Pre-European Settlement

Human Inhabitants

For thousands of years before Europeans settled in Manhattan, the Lenape people resided throughout the island. The Lenape were a group of organized Native Americans who inhabited places in North American including the Delaware Valley and the Hudson Valley. Because of the wildlife, topography, and proximity to water, Manhattan was a prime spot for settlement of the Lenape. They were the original inhabitants before Hudson came and European settlement began in the 1600s.1 According to the Welikia Project, the nearest Lenape encampment/trails were about 400 meters from the present day Carl Schurz Park area. The Lenape probably used this region on Manhattan for hunting, fishing, and gathering, with an emphasis in gathering specifically in this area. 2

Lenape Indians 3

Mannahatta/Welikia Project

So what did this area in Manhattan look like during 1609? The Mannahatta/Welikia Project is a project that after a decade of research shows us what Manhattan and now the rest of New York City looked like before European Settlement, when the lands were inhabited by the Lenape. Welikia, meaning “my good home” in Lenape, focuses on what the wildlife was like in specific areas of the city. 4

What the Carl Schurz Park area looked like in 1609 according to the Manahatta Project
An aerial view of what the Carl Schurz Park area looks like today according to Google Maps

Aerial Maps 5

Landscape/Geographic Features

As you can see from the pictures, the landscape changed vastly as a section of land that was there in 1609 isn’t there anymore. We believe this is because of the building of the FDR under the Carl Schurz area. One of the main characteristics that led to the Lenape living in Manhattan was the abundance of hillsides that made up the topography of the island. Just like the rest of Manhattan, this area on the upper east side was also made up mostly of hills. Most of the bedrock of this area is Manhattan Schist with a little bit of Inwood Marble. According to the Mannahatta project, the main ecological communities that made up this region is known as appalachian oak – pine forest and oak – tulip tree forest. Both of these communities are characterized as having more trees than shrubs, herbs, or mosses/lichens6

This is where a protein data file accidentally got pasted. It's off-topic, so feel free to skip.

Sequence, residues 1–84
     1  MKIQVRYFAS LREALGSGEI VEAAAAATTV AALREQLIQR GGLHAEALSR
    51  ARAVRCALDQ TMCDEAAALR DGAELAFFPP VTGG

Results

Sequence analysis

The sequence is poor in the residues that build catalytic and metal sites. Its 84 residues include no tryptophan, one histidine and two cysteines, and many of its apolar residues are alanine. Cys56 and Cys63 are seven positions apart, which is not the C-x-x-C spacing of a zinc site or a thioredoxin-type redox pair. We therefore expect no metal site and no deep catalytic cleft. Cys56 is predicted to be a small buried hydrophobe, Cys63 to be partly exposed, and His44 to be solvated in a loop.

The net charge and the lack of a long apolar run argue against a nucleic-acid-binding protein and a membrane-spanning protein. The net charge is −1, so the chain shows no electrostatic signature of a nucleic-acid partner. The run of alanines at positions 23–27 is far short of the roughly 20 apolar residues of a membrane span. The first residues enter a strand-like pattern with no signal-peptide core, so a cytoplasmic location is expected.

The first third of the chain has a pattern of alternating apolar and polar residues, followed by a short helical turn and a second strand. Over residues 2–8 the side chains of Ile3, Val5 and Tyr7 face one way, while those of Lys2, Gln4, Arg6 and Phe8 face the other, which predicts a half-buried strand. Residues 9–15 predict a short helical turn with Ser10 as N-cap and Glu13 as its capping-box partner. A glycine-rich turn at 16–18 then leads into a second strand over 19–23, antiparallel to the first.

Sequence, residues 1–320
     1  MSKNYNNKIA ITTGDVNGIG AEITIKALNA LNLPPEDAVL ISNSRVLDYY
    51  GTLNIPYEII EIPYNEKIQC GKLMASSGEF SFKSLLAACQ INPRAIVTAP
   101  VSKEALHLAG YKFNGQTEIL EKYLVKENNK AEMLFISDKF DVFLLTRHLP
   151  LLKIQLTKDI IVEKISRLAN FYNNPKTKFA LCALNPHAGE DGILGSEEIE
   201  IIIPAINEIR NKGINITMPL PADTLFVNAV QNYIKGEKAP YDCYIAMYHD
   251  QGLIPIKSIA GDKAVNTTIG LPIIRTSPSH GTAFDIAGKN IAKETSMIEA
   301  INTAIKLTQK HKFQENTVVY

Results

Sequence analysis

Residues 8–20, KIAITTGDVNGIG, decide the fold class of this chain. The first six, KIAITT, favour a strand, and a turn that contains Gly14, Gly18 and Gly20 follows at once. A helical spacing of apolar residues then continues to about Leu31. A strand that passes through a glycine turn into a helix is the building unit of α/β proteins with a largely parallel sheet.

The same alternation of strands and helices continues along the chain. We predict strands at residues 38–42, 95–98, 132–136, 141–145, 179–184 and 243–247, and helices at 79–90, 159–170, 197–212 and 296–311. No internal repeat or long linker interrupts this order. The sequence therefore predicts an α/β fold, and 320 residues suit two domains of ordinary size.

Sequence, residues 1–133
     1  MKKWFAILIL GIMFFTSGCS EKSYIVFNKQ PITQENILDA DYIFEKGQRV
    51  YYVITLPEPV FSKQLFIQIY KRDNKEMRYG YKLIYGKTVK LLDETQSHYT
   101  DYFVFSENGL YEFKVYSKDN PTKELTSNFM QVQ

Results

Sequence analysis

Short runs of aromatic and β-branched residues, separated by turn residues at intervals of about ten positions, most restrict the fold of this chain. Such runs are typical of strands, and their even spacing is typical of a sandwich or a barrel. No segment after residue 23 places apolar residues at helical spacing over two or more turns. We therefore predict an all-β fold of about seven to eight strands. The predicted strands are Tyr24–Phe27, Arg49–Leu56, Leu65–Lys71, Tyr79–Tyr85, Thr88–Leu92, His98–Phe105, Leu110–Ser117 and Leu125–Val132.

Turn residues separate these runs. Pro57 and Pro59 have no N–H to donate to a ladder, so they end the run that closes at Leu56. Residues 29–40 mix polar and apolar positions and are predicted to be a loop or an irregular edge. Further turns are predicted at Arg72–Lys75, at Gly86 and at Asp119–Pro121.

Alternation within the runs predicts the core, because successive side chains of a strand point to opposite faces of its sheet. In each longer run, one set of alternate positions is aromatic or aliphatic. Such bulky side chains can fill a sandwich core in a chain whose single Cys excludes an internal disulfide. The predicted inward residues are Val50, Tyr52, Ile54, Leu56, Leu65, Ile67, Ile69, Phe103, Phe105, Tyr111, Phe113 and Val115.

With the amazing amounts of research and new scientific technologies, scientists were able to predict specifically what species of wildlife most probably lived in each region of Manhattan. The wildlife that now resides in Carl Schurz park is different than those that existed in 1609. Back then, the most common mammals in the area were small creatures like mice. The meadow vole, white-footed mouse, and deer mouse were predicted to be the most prevalent but there could have also been smaller amounts of larger mammals like squirrels, raccoons, or deer. The semipalmated plover was the most probable bird to be found in this area along with different types of hawks, ducks, and sandpipers. Turtles, snakes, salamanders, and frogs, were also predicted to be among the wildlife of that area.7

Meadow Vole:

Meadow Vole 8

Semipalmated plover:

Semipalmated Plover 9

Eastern Painted Turtle:

Eastern Painted Turtle 10

Redback Salamander:

Redback Salamander 11


One Response to Pre-European Settlement

  1. Jason Munshi-South says:

    This section is interesting, but my first question is what happened to the coastline!? It seems to have changed dramatically on your aerial images, so that change needs to be addressed.

    The opening paragraph for this page should be edited for clarity, as it is a bit confusing to immediately start talking about the Welikia project. It makes it seem like all of the sudden you are veering on to a different topic.

    The links for the two habitat types are good, but can you tell the readers something interesting about appalachian oak-pine forest and oak-tulip tree forest. Why might these types of forest grow in this specific area in Manhattan?


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